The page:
- GITEA__database__PASSWD=gitea
        restart: unless-stopped
        networks:
            - gitea
        volumes:
            - /volume2/Gitea/data:/data
            - /etc/timezone:/etc/timezone:ro
            - /etc/localtime:/etc/localtime:ro
        ports:
            - "13000:3000"
            - "10022:22"
        depends_on:
            - db

    db:
        image: mariadb
        container_name: gitea_db
        restart: unless-stopped
        environment:
            - MYSQL_ROOT_PASSWORD=gitea
            - MYSQL_USER=gitea
            - MYSQL_PASSWORD=gitea
            - MYSQL_DATABASE=gitea
        networks:
            - gitea
        volumes:
            - /volume2/Gitea/db:/var/lib/mysql

The storage locations, passwords and IDs can be customized. Deploying takes time. I see a white screen when I call the NAS’s IP address, including port 13000. This time it’s not the firewall, but the network. I select the container gitea and add bridge as network.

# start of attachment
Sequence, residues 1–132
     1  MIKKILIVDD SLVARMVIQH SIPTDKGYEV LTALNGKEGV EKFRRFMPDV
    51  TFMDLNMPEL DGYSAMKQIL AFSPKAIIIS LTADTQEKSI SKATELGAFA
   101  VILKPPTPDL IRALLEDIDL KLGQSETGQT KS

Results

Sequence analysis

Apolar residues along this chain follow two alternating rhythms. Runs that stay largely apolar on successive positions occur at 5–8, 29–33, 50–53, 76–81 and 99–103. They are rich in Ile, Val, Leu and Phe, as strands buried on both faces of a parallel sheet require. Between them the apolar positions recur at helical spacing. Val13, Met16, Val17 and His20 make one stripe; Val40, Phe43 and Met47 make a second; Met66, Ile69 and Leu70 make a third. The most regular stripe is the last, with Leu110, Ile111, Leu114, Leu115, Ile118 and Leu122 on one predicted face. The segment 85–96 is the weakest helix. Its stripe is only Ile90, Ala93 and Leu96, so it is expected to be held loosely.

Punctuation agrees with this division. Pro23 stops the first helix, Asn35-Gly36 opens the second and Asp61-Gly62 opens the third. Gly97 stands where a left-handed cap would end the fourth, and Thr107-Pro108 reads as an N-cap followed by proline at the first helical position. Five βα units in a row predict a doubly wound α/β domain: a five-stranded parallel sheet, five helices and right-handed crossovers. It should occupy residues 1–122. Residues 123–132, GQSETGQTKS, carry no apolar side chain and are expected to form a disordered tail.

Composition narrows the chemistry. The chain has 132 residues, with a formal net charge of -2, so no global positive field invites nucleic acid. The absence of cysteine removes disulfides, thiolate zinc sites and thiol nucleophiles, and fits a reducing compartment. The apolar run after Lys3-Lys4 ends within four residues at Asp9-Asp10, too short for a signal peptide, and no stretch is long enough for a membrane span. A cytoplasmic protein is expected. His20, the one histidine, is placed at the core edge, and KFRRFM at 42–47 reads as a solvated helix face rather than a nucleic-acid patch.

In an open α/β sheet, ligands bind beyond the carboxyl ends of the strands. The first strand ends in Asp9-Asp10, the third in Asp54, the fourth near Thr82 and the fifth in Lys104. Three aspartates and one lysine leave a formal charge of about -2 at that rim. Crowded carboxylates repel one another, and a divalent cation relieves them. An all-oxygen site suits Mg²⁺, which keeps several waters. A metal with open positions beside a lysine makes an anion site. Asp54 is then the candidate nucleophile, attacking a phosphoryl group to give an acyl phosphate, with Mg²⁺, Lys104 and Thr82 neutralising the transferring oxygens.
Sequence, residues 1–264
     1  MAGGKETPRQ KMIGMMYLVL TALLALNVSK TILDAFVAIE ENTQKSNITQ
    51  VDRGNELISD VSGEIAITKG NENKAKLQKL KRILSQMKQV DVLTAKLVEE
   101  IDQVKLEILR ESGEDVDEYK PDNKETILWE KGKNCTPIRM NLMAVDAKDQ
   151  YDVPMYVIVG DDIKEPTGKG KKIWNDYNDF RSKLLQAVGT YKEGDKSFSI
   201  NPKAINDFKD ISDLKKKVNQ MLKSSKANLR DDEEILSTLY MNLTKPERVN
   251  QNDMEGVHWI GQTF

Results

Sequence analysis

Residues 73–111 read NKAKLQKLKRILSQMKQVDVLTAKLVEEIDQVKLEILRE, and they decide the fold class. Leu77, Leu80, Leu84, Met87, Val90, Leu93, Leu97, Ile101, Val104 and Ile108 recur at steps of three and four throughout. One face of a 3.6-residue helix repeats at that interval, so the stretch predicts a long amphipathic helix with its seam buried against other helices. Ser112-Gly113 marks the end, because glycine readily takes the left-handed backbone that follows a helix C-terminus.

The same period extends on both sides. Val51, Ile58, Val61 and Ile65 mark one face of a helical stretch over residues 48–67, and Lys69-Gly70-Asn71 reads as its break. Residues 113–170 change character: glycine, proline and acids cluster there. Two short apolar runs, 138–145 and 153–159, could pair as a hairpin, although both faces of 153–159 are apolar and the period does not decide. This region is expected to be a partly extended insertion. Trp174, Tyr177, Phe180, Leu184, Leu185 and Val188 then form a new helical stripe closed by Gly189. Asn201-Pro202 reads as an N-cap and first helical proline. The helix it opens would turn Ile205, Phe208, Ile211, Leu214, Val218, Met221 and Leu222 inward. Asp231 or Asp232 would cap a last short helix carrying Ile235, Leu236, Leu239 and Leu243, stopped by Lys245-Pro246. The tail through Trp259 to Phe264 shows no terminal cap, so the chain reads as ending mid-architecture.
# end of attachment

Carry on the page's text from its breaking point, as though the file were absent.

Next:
I then see the page with the initial configuration on port 13000.

I leave everything as it is and click on install. I can then register on the site. The configuration file is located in the folder Gitea/data/gitea/conf. You can stop the container, edit the file (locally) and start the container again.

Gitea is now also running on the NAS.

Backup and snapshots

Finally, I would like to briefly discuss snapshots and backups.

Snapshot

(Automated) snapshots can be set up in the Snapshot Center.

For automatic snapshots, click on the schedule icon and make the desired settings.